James Pethokoukis

A VW-shaped economic recovery?

August 26, 2009

That is the analysis of my pal Rich Karlgaard over at Forbes. (Insert joke about Obama and fahrvergnügen here.) Some sectors of the economy will boom as others muddle through or stay on the mat. Warren Buffett put it best: “When the tide goes out, you discover who’s been swimming naked.” Here’s a bit from the piece:

Around the horn

August 25, 2009

Stuff I read today that you should, too!

Bernanke’s out of control! Russell Roberts thinks Bernanke has gone overboard in reacting to the Great Recession. He might be right, though as the man who jumped out of the burning airplane with no parachute said, “First things first!”

The U.S. budget deficit is even worse than you think

August 25, 2009

Oh yes, America’s fiscal situation is a dreadful mess.

The White House says the federal government will run a $9 trillion budget deficit over the next decade. As a percentage of the total economy, the United States looks to have an astounding debt-to-GDP ratio of 11 percent this year, with that number declining to around 4 percent from 2015 though 2019. And total debt held by the public will rise to 68 percent of GDP by that year versus 33 percent in 2001.

Obama: 64 percent of budget deficit is my handiwork

August 25, 2009

From the Office of Management and Budget:

The Administration contemporaneously acted to address the financial crisis and get credit flowing again through the Financial Stability Plan, and worked to help homeowners facing foreclosure through the Homeowner Affordability and Stability Plan. In addition, the Administration took action to forestall the failure of two of the Nation’s largest automobile manufacturers and to strengthen the non-bank credit market. All together, these efforts—along with the ARRA—increased the deficit in the short run. In fact, 64 percent of the current deficit is directly attributable to rescue and recovery efforts and other countercyclical programs that were essential in preventing a deeper and more costly recession.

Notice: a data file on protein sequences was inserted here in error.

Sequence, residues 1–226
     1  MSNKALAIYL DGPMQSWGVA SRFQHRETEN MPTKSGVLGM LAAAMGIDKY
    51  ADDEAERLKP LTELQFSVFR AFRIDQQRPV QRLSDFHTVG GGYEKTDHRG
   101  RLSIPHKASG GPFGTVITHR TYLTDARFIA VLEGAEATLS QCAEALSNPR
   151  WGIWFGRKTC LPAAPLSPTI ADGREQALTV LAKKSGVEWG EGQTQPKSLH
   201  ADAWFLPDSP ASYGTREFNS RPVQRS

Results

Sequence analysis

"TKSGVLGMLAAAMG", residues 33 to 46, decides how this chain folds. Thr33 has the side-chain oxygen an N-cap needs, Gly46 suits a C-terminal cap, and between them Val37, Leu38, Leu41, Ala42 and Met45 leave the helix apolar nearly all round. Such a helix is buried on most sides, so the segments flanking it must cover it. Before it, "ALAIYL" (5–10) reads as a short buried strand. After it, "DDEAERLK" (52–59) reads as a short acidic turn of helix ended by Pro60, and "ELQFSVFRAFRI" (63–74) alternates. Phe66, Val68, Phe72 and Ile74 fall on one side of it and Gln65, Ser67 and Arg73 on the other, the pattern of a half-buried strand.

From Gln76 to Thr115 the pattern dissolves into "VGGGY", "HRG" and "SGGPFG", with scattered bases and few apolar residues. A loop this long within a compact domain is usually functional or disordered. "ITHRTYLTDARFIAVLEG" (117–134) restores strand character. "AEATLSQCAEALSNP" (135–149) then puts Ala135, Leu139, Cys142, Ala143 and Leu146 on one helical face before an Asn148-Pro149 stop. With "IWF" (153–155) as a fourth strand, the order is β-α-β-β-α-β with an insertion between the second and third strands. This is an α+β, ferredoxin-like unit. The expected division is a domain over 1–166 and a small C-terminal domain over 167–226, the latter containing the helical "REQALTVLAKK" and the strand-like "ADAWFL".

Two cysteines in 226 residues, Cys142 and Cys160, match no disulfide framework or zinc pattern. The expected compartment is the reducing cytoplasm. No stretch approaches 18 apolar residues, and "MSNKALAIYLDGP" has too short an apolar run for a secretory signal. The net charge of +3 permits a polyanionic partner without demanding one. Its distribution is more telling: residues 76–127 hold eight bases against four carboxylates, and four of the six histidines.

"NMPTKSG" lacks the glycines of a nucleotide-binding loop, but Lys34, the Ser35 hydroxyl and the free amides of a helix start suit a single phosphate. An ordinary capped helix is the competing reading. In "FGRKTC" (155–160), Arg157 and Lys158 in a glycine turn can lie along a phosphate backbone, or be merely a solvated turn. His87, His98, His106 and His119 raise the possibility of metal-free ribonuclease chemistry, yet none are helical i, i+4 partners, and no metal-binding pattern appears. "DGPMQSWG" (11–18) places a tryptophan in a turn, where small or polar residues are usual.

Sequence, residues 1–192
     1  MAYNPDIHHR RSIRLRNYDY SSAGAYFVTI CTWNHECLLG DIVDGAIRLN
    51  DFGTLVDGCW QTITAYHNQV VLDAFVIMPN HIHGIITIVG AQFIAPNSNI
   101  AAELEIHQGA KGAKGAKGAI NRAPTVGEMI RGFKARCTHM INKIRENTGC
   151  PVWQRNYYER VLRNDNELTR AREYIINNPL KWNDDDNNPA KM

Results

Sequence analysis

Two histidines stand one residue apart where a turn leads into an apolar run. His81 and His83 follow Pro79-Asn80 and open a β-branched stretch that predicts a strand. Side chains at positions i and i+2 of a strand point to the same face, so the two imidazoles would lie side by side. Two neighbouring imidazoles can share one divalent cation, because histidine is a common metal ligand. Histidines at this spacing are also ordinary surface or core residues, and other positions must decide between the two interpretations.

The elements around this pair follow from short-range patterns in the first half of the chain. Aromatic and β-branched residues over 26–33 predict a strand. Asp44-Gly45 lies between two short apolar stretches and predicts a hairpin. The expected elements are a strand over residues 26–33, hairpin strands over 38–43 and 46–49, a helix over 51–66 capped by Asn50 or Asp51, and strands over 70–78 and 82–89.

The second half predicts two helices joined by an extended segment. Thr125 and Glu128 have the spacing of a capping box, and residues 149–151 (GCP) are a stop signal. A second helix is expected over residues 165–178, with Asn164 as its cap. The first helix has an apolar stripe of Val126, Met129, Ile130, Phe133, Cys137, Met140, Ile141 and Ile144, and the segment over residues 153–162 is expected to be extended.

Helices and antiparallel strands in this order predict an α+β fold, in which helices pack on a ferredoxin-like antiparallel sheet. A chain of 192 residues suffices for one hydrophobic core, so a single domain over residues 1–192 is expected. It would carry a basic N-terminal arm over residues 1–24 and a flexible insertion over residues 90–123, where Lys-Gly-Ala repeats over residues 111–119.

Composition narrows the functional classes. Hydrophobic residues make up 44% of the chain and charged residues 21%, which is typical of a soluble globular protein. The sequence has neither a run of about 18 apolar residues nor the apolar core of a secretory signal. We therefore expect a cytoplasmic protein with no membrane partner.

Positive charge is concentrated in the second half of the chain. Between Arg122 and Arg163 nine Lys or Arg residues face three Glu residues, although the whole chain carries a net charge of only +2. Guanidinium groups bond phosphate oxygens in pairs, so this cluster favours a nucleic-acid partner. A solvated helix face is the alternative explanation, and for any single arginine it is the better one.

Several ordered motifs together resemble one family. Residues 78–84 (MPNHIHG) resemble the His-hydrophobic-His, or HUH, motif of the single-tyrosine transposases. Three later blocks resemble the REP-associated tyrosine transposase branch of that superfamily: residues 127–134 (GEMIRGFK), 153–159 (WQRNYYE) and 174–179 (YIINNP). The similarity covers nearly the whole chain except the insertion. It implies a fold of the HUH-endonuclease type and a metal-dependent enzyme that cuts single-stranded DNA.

What would the deficit be if McCain were president?

August 25, 2009

Bruce Bartlett, who has a new booking coming out, was nice enough to run some budget numbers so I wouldn’t have to:

Budget deficits may be twice as bad as White House is predicting

August 25, 2009

More to come on this, but the WH is predicting that as a percentage of GDP, annual budget deficits will decrease to around 4 percent over the next decade from 11 percent in 2009. Or will they? The Congressional Budget Office has some doubts (via the Director Doug Elmendorf’s blog):

Obama to renominate Bernanke as Federal Reserve chairman: a few thoughts

August 25, 2009

And once more, another person in Washington involved with helping create the financial crisis gets to keep his job. In a bit of a  summertime surprise,  President Obama has renominated Ben Bernanke as Fed chairman.

More on the big W

August 24, 2009

Having talked to a number of former White House economists/center-right economists in recent weeks, this analysis by Tony Fratto almost perfectly echoes what they told me:

Are Obama’s healthcare troubles actually a good thing?

August 24, 2009

Mickey Kaus gives his theory:

It’s easy to forget that, even if Obama’s health care effort is bogging down, the effort itself still serves his presidency as a crucial time-waster, tying up Congress and giving him a reason to postpone (or the public a reason to ignore) those other divisive, presidency-killers. Obama needs some excuse for putting off unpopular Democratic demands; health care’s a good one. If he keeps failing to pass health care until spring, that might not be such a bad outcome. In fact, even quick passage was maybe never in his interest. There are things more unpopular than struggling. … Cap and trade, immigration legalization, “card check”—these are not what you’d call confidence building appetizers leading up to the main course of Obama’s presidency.

The strange Republican embrace of Medicare

August 24, 2009

Chris Edwards over at the Cato Institute is also unsettled by how the GOP is endorsing the status quo with Medicare spending to score political points: